Morbidity and Mortality Weekly Report
Permanent tattoos have become increasingly common, with 21% of adults in the United States reporting having at least one tattoo (1). On rare occasions, outbreaks of nontuberculous mycobacterial (NTM) skin infections have been reported after tattooing (2,3). In January 2012, public health officials in New York received reports of Mycobacterium chelonae skin infections in 14 New York residents who received tattoos during September–December 2011. All infections were associated with use of the same nationally distributed, prediluted gray ink manufactured by company A. CDC disseminated an Epi-X public health alert to identify additional tattoo-associated NTM skin infections; previously identified cases were reported from three states (Washington, Iowa, and Colorado). Public health investigations by CDC, state and local health departments, and the Food and Drug Administration (FDA) found NTM contamination in tattoo inks used in two of five identified clusters. All infected persons were exposed to one of four different brands of ink. NTM contamination of inks can occur during the manufacturing process as a result of using contaminated ingredients or poor manufacturing practices, or when inks are diluted with nonsterile water by tattoo artists. No specific FDA regulatory requirement explicitly provides that tattoo inks must be sterile. However, CDC recommends that ink manufacturers ensure ink is sterile and that tattoo artists avoid contamination of ink through dilution with nonsterile water. Consumers also should be aware of the health risks associated with getting an intradermal tattoo.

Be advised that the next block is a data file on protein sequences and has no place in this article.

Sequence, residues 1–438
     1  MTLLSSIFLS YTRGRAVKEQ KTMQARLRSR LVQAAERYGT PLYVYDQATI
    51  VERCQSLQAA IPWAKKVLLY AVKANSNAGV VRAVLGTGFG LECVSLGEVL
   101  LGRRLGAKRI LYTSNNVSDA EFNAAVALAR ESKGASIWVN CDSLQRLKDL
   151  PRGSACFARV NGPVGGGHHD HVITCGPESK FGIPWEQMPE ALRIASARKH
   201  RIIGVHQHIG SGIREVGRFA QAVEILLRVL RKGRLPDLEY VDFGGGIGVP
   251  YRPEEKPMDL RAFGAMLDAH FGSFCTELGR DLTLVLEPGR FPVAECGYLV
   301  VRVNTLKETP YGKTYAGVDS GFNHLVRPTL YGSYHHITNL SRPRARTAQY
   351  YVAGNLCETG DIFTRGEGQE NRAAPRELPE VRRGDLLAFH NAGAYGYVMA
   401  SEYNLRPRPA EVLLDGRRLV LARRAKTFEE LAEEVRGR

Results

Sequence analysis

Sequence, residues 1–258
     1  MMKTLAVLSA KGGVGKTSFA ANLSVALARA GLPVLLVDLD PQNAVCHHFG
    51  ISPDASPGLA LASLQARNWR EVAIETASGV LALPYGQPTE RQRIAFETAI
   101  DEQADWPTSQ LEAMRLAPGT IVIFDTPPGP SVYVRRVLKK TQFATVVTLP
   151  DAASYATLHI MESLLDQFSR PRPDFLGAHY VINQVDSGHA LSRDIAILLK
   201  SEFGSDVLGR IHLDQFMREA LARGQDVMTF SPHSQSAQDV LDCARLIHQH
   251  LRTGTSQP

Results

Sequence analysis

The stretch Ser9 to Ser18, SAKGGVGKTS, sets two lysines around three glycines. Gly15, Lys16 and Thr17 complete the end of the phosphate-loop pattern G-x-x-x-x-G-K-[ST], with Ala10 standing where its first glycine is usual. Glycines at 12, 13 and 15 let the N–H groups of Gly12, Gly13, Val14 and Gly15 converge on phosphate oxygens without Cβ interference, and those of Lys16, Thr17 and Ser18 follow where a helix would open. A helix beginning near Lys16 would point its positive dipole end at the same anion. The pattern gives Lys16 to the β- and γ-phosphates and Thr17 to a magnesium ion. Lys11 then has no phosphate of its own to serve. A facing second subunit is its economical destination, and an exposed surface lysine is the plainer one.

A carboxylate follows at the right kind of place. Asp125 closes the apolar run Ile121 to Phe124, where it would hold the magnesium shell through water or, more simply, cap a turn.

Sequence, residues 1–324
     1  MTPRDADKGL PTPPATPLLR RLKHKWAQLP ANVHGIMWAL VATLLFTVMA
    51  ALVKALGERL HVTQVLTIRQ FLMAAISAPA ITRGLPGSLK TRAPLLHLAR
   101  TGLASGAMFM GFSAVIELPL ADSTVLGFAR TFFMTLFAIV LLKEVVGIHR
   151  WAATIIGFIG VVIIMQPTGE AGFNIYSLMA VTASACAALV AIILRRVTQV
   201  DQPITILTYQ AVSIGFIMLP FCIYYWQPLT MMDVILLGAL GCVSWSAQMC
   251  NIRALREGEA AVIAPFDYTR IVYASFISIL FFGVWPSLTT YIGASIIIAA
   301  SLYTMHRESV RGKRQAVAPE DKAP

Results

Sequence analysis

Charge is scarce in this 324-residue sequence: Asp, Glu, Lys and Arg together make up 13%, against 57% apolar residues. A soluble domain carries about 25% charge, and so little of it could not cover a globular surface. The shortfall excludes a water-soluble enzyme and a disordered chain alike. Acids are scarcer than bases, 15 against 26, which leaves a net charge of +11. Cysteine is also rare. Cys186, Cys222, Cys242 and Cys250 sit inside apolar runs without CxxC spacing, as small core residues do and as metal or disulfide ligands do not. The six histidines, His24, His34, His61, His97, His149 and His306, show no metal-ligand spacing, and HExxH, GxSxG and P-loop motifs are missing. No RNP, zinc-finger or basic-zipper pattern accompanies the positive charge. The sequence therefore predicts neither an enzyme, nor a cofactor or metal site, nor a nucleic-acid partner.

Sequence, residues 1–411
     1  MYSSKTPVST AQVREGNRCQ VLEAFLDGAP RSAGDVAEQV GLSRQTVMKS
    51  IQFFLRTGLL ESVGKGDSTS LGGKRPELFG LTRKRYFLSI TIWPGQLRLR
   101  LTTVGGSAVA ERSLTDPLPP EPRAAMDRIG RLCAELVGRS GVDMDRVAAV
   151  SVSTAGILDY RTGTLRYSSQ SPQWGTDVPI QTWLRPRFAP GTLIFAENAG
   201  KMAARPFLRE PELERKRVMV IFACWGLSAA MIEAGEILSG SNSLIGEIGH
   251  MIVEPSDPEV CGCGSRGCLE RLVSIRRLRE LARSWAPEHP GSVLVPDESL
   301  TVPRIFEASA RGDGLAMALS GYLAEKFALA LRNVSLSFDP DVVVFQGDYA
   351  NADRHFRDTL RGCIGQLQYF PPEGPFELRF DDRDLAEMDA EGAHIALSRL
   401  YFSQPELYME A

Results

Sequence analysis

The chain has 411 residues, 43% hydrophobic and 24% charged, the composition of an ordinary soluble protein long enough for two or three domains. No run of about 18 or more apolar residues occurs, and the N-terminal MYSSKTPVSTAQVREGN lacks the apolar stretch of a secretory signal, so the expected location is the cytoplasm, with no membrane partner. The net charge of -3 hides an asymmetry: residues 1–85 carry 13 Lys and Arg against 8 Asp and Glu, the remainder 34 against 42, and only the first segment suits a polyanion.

Centers for Disease Control and Prevention, "Tattoo-Associated Nontuberculous Mycobacterial Skin Infections - Multiple States, 2011–2012" (2012). Health Science Faculty Publications. 10.
CDC. Tattoo-Associated Nontuberculous Mycobacterial Skin Infections-Multiple States, 2011-2012. MMWR 2-12; 61:653-56.
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